How to benefit from these innovative tax-efficient hybrid funds
September, 29th 2014
Earlier, MIPs (monthly income plans) of mutual funds were popular among conservative investors. These funds allocate about 15-25% in equities and the balance in debt.
The equity component provides the kicker so that these products offer a little higher returns than bank fixed deposits and small-saving instruments.
However, this year's Budget made adverse changes to the way debt funds are taxed. To be eligible for the indexation benefit on long-term capital gains, investors must now hold debt funds for three years instead of one. This has affected the popularity of MIPs.
The mutual fund industry has hence innovated. It is now offering you products that carry MIP-like risk but enjoy the tax treatment of equity funds—zero tax if your investment is for more than one year.
Fund houses have kept the equity portion of an MIP intact but have replaced the larger debt portion with arbitrage. These funds will also have an allocation to debt (see table: Betting across asset classes). In the arbitrage portion, these funds will take advantage of arbitrage opportunities between the cash and the futures segments of equities. The equity portion will be volatile but may offer good returns.
"Fund houses are betting that if the equity markets remain positive over the long term, the equity portion could generate double-digit returns and thus augment the total returns of these funds," says Niranjan Risbood, director, fund research-India at Morningstar.
The debt portion will provide regular returns while the derivative portion will contain volatility. The result: a product whose risk return profile lies somewhere between that of debt and equities, and which enjoys the tax treatment of an equity fund. This is broadly the approach that JP Morgan's India Equity Savings and Kotak Equity Savings Fund follow.
The quant approach
IDFC Dynamic Equity will follow a quantitative approach to asset allocation. It will take into account the PE of the Nifty to determine its equity allocation. But to also benefit from short-term trading opportunities, it will tweak its allocation slightly using a technical parameter.
If the Nifty is trading above its 200-day moving average, it indicates that the index is on the uptrend. Hence, the allocation will be slightly higher. The allocation will be slightly lower if the index is trading below the 200-day moving average.
The fund will invest in stocks that belong to either the Nifty or the Nifty Junior index. If a high market PE forces the fund house to reduce its equity allocation below 65%, it will invest in derivatives so that its allocation to equity-based instruments doesn't fall below that level.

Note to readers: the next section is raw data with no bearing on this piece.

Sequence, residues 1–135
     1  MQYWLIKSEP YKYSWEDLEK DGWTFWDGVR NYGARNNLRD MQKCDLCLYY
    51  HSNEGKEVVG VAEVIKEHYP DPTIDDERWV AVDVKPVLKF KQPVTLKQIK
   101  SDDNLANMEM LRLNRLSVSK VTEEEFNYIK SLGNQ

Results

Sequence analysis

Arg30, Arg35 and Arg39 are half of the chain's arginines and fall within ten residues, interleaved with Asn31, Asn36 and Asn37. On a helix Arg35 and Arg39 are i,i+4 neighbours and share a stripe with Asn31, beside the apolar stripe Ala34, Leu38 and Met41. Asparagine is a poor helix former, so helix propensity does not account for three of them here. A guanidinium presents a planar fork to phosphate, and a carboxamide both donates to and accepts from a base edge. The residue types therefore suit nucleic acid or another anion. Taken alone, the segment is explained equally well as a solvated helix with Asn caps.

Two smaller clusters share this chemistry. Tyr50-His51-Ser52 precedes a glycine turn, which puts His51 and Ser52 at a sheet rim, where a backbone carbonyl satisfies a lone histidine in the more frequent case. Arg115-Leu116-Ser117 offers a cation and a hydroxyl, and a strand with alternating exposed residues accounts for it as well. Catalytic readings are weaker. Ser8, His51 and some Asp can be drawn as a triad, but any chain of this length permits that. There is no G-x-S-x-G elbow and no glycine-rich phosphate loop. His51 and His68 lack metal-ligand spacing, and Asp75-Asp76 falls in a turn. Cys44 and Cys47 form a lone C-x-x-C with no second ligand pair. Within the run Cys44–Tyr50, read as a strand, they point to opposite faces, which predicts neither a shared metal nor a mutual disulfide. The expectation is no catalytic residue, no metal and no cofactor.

Who should invest?
Investors with a conservative approach may consider the first two funds. Says Nandkumar Surti, MD & CEO, JP Morgan AMC: "Conservative investors who are seeking to beat inflation post-tax with minimum volatility may invest in our fund." How to benefit from these innovative tax-efficient hybrid funds However, investors must be prepared for some interim volatility because of the unhedged equity component. Also, have an investment horizon of at least 18-24 months in these funds.
IDFC's fund will have a higher equity component and hence is better suited for longterm wealth building. "First-time equity investors, who want a rule-based approach, or even old-timers who prefer a quantitative approach, may invest in this fund with an investment horizon of at least three to five years," says Vidya Bala, head of mutual fund research, Fundsindia.com.
A few caveats
Your initial investment in these funds should not exceed 5-10% of your portfolio. Watch their performance for some time before raising your allocation.
Second, understand the risk-return profile of these funds. "Tax efficiency alone can't be the reason for investing in these funds. They should also help you meet your financial goals," says Vishal Dhawan, chief financial planner, Plan Ahead Wealth Advisors. How to benefit from these innovative tax-efficient hybrid funds Third, arbitrage opportunities tend to be available only some times. When they are not available, the arbitrage portion of these funds may generate liquid fund type returns.
Another risk, as Risbood points out, could also be that returns from the arbitrage portion could be low because of too many funds chasing the same few arbitrage opportunities in the markets.